Stonehenge gets facelift, still mystifies
The area around Stonehenge, a 5,000-year-old monument in England, will be given a facelift and freed from unsightly surrounding traffic, officials said.
A 1.3-mile length of highway A344 that currently comes to within a few hundred yards of the ancient wonder will be closed and grassed over, and a parking lot and visitors’ center will be built a mile and a half to the west, with shuttle buses taking tourists to the monument, the Sunday Times of London reported.
The Department for Culture, Media and Sport wants the construction finished in time for the 2012 Olympics, the newspaper said.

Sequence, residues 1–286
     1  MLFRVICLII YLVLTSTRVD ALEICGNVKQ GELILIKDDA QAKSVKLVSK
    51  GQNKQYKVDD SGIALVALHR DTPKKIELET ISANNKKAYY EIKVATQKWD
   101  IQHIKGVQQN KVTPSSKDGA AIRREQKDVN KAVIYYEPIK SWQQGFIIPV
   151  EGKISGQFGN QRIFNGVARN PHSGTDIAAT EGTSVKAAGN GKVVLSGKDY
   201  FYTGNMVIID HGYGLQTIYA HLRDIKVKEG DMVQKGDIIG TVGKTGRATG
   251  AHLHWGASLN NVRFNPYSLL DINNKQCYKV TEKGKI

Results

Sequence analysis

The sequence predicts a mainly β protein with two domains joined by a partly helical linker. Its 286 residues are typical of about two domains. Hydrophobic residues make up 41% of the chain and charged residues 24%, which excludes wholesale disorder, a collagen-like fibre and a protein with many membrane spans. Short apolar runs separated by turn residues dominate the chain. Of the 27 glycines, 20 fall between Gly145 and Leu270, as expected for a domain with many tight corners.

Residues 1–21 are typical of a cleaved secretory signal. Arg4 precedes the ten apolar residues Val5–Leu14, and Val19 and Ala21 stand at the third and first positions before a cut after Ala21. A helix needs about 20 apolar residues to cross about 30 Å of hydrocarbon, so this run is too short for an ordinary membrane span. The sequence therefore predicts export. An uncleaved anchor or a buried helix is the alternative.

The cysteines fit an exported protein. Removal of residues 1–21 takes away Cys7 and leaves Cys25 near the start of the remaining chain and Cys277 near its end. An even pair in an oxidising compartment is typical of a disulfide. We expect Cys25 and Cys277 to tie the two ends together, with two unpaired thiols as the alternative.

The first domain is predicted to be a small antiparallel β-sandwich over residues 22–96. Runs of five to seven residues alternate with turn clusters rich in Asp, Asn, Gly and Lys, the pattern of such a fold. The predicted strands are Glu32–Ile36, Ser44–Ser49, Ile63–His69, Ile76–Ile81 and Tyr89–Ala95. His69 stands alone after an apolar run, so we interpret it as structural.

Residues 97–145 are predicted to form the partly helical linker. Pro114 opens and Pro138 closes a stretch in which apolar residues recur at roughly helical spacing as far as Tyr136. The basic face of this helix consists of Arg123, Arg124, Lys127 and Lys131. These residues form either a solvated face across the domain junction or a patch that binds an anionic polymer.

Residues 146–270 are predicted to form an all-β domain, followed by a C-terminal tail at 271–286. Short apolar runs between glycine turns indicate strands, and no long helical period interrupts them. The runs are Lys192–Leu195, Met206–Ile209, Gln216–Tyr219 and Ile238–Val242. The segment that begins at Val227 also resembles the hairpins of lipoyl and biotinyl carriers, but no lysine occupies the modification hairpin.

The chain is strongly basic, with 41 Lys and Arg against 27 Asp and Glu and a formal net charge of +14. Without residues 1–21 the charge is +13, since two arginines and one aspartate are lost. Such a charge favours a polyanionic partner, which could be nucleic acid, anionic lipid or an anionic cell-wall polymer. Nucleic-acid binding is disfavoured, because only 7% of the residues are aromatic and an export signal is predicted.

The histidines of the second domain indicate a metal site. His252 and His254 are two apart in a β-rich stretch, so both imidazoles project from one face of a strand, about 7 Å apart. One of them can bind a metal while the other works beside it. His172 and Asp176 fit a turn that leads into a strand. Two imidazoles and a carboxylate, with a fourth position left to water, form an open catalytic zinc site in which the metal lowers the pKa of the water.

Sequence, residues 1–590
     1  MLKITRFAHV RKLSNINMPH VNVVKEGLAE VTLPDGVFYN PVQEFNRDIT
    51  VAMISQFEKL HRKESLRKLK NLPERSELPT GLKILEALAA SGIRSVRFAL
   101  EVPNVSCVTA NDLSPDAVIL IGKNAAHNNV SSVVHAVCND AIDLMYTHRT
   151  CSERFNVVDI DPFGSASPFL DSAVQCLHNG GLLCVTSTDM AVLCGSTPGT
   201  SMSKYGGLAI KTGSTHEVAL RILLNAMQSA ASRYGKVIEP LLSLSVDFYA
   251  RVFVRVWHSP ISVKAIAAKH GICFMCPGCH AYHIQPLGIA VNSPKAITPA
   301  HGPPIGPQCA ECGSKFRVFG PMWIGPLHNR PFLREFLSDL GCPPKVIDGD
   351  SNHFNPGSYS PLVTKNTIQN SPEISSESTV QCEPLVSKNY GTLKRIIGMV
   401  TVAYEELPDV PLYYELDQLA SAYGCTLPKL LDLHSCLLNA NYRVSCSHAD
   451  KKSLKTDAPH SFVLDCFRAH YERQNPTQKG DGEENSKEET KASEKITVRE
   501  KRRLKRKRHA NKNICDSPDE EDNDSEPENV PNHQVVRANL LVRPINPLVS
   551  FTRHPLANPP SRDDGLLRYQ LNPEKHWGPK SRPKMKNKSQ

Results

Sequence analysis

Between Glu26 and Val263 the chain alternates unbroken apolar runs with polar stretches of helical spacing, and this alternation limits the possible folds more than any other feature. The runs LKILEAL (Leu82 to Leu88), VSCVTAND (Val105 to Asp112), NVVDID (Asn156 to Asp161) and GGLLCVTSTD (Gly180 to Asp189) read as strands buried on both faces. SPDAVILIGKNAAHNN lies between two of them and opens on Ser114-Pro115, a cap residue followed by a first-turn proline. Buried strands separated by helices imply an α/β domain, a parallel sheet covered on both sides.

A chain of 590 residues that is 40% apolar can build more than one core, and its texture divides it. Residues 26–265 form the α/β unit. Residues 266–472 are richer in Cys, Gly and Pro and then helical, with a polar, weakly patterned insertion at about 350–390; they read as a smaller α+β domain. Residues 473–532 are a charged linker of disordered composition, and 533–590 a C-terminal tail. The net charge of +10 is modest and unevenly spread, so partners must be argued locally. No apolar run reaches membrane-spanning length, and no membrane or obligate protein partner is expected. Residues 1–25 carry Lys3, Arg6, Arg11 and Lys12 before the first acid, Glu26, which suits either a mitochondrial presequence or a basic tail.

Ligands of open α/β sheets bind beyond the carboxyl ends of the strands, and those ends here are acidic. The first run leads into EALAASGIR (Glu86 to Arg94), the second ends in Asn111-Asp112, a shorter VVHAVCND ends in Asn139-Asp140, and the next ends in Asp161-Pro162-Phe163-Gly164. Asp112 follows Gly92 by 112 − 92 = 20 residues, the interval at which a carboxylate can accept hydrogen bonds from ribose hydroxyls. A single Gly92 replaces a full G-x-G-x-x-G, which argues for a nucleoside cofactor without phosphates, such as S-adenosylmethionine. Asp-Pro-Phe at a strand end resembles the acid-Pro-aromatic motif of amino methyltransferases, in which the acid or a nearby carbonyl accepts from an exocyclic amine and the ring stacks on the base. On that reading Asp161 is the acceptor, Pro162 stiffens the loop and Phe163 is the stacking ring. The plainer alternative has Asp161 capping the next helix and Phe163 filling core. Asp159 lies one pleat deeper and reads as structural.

The plans come simultaneously with archaeologists’ announcements that a smaller version of Stonehenge — Bluehenge — has been discovered a mile from Stonehenge.
Bluehenge was discovered during the summer by archaeologists at Sheffield University, and is thought by archeologists to have been constructed concurrently with Stonehenge. Its stones are missing and researchers say they may have been used to augment Stonehenge throughout a series of redevelopments, the newspaper reported.
This adds to the richness of the story of Stonehenge. We thought we knew it all, but over the past few years we have discovered that something as familiar as Stonehenge is still a challenge to explore and understand. It wouldn’t surprise me if there weren’t more circles. Professor Tim Darvill, a Stonehenge expert at Bournemouth University, said.